Thursday, 21 March 2019

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I Islamophobia

Letter sent to Temple Terrace homes says Muslim candidate unfit for office

By Paul Guzzo, For Tampa Bay Times, On 26 October 2016, Read Original

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TEMPLE TERRACE — City Council candidate Wael Odeh has lived more than three decades in this town of 25,000 straddling the Hillsborough River.

He is a husband, father of four and grandfather of three. As a civil engineer, he has designed bridges and roads throughout the United States.

Odeh is also a Muslim, born in Palestinian territory, and someone believes that’s enough to disqualify him from election to the City Council.

An anonymous letter has been mailed to a number of addresses in Temple Terrace questioning whether City Hall is safe with a Muslim working there and whether Odeh has ties to terrorism.

 

Odeh is offended by the blanket implications.

“If it was directed at me personally it would not be an issue, but this thing is hitting the more than 40,000 Muslims living in the Tampa Bay area,” Odeh said. “It is absurd. Not every Muslim is radical. We are human beings.”

The typewritten, single-spaced, one-page letter is dated October 2016. Among a number of questions it poses: “Could Odeh’s election be a foot in the door of Sharia Law’s subtle influence in our community?”

“This is an unfortunate attempt to split the community,” Odeh said. “We are trying to put the community back together.”

Sharia is the detailed system of religious law developed by Muslim scholars in the early centuries of Islam and still in force among fundamentalists.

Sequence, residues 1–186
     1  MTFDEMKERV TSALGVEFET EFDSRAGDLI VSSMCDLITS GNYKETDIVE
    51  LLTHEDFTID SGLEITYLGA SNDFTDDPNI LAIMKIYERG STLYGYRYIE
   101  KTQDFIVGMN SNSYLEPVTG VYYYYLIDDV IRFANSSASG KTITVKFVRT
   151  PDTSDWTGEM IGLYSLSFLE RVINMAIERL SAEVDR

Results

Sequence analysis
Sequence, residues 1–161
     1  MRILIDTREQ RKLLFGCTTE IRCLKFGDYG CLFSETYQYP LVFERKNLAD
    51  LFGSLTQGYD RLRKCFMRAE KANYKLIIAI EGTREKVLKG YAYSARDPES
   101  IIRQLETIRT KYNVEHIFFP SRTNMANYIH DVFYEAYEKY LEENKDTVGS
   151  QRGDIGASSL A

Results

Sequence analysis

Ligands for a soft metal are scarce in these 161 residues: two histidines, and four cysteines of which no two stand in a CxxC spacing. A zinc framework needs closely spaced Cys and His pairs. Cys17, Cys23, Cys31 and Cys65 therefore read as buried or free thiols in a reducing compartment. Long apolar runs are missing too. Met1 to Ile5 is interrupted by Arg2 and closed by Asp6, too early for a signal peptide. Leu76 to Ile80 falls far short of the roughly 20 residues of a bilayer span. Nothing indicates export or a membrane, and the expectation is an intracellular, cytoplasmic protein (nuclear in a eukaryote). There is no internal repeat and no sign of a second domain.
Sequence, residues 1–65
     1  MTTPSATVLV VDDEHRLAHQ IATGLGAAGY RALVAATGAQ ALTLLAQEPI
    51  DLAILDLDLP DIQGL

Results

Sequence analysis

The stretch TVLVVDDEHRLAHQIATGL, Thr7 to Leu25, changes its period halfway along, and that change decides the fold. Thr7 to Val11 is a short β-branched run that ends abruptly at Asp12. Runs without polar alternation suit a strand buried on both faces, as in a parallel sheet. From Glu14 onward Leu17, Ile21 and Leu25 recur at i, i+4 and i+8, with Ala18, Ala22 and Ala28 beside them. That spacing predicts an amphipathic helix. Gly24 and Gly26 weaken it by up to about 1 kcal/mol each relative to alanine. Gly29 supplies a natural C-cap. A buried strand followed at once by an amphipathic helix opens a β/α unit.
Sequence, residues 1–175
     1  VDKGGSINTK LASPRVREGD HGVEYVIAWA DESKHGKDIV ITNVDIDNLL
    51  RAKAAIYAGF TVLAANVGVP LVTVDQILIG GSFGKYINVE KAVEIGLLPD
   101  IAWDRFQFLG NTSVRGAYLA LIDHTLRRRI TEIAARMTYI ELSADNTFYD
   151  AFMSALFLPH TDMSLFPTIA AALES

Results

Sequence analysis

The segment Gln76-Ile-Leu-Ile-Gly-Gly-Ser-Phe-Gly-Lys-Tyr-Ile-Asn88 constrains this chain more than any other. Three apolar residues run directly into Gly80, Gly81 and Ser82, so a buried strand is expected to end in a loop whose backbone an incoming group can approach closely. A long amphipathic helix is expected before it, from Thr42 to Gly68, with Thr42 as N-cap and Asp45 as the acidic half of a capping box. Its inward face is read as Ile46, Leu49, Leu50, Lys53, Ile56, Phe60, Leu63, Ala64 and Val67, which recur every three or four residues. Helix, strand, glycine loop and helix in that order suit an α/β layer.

Among other questions raised in the letter are why Odeh has not revealed in campaign mailers where he was born.

Odeh’s response: “Does he want to know where the other candidates were born?” He notes that he has lived in the United States for 38 of his 56 years and says, “My country now is America.”

The letter also questions whether he forces his wife into a subservient role, as do some observers of sharia.

“My wife is definitely not subservient to me,” Odeh said with a chuckle.

In addition, the letter says the Council on American-Islamic Relations endorses Odeh and claims the group has links to terrorism. CAIR is a nonprofit civil rights organization focused on promoting a positive image of Islam and Muslims in America, according to its website. Its non-profit status prohibits candidate endorsements.

In a statement to the Times, CAIR Florida’s government affairs director Laila Abdelaziz said, “This unfounded and slanderous attack on Mr. Odeh is concerning, and we hope Temple Terrace residents, community leaders and neighbors will reject its Islamophobic message.”

Still, Temple Terrace City Council member Grant Rimbey said he worries the truth may not matter to a certain block of voters.

“That is the sad reality,” Rimbey said. “I think there is racism in the city” and there are people “who want to keep Temple Terrace looking like it did in 1952 forever.”

Rimbey and Odeh estimate that 20 to 25 percent of Temple Terrace’s population is Muslim.

The anonymous letter came in envelopes identifiable only by a St. Petersburg postmark. The addresses were printed on mailing labels. Rimbey said he heard from a dozen recipients of the letter, one an Episcopal church — an indication, he said, that the sender was seeking a mass audience.

Most seem to have been sent to addresses on the north end of the city, where he said voters generally are registered as Republicans.

Overall, Temple Terrace voters are mostly Democratic, with 7,754 registered in the party compared to 4,891 Republicans and 4,036 with no party affiliation, according to the most recent Hillsborough County supervisor of elections numbers.

The City Council race is bipartisan.

Six candidates have applied for two open seats on the council; the two candidates recording the most votes Nov. 8 will fill the positions.

Odeh said he invites anyone with questions about Muslims to reach out to him — including the author of the anonymous letter.

“If he wanted to learn more, he should have come to me directly.”